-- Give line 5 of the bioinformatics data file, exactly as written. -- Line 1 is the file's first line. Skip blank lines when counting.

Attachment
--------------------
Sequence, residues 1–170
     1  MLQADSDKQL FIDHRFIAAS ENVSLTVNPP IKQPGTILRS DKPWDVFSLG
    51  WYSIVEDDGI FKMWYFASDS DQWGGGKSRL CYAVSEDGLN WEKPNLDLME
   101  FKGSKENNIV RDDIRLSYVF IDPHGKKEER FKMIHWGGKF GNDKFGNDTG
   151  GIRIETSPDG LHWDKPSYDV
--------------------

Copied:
   151  GIRIETSPDG LHWDKPSYDV